Background: Onychomycosis is a common problem. Obtaining a positive laboratory test before treatment is important in clinical practice because the treatment of onychomycosis requires expensive oral antifungal therapy with potentially serious side-effects. Objective: The purpose of this study was to compare curettage and subungual drilling techniques of nail sampling in the diagnosis of onychomycosis. Methods: We evaluated 194 patients suffering from distal and lateral subungual onychomycosis and lateral subungual onychomycosis using curettage and subungual drilling sampling techniques. Nail samples were obtained in each case from proximal, medial and distal parts of the nail. KOH examination and fungal culture were used for detection and identification of fungal infection. Results: With each technique, the culture sensitivity improved as the location of the sample was more proximal (drilling proximal vs. distal, χ2 = 5.15, P = 0.023; curettage proximal vs. distal, χ2 = 4.2, P = 0.041). In each sample location, the drilling technique has a better culture sensitivity (drilling vs. curettage proximal, χ 2 = 11.9, P = 0.001; drill vs. curettage distal, χ2 = 13.7, P < 0.0001). Trichophyton rubrum was by far the most common pathogen detected by both techniques from all sampling sites. Conclusion: The drilling technique was found to be statistically better than curettage at each site of sampling. With each technique, we found that the culture sensitivity improved as the location of the sample was more proximal. More types of pathogens were detected in samples taken by both methods from proximal parts of the affected nails.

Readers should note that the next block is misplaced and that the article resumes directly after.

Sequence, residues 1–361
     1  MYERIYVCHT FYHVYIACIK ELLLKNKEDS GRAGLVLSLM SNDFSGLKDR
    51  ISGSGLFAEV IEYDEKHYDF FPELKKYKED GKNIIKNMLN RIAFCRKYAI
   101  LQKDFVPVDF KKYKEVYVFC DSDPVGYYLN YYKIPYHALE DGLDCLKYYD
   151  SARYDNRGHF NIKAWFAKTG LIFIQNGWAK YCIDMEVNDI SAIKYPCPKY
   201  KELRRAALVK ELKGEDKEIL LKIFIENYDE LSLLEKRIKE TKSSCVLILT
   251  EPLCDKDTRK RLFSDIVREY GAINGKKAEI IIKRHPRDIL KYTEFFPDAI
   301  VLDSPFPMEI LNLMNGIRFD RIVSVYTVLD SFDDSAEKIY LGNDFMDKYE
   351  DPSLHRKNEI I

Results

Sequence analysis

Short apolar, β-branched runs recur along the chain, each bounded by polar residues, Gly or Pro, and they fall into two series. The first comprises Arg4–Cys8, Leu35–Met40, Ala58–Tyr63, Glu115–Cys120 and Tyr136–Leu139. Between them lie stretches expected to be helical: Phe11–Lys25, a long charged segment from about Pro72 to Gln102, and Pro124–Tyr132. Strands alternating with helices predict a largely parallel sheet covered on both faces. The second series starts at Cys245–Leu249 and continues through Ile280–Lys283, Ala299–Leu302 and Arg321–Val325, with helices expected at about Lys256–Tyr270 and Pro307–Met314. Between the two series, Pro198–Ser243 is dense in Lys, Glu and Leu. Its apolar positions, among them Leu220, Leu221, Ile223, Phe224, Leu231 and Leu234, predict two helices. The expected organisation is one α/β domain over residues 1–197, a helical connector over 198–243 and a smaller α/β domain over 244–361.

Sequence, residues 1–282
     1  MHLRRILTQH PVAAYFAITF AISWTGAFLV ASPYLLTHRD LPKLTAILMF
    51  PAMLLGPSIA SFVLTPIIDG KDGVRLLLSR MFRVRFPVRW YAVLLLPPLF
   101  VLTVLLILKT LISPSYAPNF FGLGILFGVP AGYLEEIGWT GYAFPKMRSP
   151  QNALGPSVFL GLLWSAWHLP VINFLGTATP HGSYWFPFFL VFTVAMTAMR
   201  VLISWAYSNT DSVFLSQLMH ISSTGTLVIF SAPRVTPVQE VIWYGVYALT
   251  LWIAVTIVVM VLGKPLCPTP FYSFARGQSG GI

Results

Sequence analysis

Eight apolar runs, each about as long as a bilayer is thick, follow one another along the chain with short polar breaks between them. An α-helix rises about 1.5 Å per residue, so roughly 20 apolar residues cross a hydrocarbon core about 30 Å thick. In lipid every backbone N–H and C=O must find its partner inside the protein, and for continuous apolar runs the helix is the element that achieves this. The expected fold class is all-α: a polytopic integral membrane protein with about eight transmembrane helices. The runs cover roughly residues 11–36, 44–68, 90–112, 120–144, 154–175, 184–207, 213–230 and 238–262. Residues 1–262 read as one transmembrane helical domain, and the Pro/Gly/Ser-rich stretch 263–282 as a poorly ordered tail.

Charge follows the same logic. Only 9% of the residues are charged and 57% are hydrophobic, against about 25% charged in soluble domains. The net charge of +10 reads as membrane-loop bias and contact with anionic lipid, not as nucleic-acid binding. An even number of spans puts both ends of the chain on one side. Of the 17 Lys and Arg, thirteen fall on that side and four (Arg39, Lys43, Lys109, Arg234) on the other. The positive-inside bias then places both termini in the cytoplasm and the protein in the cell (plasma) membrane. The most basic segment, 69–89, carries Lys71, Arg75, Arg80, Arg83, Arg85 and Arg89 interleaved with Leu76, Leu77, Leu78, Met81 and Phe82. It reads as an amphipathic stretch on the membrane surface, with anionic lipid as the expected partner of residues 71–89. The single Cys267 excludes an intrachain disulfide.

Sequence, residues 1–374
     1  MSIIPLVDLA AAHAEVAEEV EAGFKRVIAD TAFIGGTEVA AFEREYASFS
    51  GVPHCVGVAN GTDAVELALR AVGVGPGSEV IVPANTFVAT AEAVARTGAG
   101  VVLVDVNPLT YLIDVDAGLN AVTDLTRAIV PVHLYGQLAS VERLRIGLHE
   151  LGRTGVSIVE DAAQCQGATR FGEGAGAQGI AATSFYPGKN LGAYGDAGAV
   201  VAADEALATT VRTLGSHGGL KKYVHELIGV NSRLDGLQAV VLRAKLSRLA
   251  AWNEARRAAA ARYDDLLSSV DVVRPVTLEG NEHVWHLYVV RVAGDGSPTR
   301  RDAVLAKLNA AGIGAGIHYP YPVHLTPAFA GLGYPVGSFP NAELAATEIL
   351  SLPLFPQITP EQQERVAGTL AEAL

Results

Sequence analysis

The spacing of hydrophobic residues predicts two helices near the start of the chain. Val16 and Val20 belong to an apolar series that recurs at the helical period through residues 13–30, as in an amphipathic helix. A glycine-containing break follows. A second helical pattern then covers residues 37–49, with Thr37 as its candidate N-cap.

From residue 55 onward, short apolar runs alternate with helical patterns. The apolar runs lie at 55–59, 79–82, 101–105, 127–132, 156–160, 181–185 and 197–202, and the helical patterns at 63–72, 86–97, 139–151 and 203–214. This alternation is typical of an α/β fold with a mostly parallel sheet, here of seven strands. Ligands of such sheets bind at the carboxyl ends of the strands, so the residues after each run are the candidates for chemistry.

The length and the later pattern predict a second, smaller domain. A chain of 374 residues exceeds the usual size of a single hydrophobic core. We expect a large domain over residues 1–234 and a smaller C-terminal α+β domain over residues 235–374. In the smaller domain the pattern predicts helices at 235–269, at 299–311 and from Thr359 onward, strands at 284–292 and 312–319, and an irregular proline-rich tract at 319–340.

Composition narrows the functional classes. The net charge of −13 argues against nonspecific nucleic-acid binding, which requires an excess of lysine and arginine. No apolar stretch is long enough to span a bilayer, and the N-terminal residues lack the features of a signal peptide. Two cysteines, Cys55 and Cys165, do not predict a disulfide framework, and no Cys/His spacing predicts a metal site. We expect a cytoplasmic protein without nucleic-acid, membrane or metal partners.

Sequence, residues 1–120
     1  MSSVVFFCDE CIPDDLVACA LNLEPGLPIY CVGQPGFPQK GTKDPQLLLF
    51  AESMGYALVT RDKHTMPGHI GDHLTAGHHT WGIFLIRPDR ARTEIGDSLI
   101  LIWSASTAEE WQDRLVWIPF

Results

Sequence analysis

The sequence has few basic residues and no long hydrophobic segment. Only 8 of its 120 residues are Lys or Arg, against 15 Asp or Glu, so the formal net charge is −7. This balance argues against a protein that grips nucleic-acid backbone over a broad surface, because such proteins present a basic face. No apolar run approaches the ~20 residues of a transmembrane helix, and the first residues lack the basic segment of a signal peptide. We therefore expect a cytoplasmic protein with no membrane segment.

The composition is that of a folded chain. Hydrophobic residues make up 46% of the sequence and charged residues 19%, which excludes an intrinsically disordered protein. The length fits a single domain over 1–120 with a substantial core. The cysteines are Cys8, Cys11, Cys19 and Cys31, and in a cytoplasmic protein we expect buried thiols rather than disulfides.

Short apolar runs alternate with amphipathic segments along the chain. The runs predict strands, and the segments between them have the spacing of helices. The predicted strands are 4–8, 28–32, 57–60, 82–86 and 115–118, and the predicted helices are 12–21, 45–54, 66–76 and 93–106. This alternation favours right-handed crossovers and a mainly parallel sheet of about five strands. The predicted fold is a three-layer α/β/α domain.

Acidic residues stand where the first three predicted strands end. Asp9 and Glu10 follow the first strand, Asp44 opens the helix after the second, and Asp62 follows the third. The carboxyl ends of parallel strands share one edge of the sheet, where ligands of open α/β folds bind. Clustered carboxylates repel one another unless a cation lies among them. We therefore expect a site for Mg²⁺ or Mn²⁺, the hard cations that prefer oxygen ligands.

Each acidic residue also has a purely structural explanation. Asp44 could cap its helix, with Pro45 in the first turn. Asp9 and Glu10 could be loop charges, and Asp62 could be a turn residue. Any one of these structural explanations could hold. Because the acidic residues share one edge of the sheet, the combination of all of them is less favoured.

|Number of pages||4|
|Journal||Journal of the European Academy of Dermatology and Venereology|
|State||Published - Feb 2008|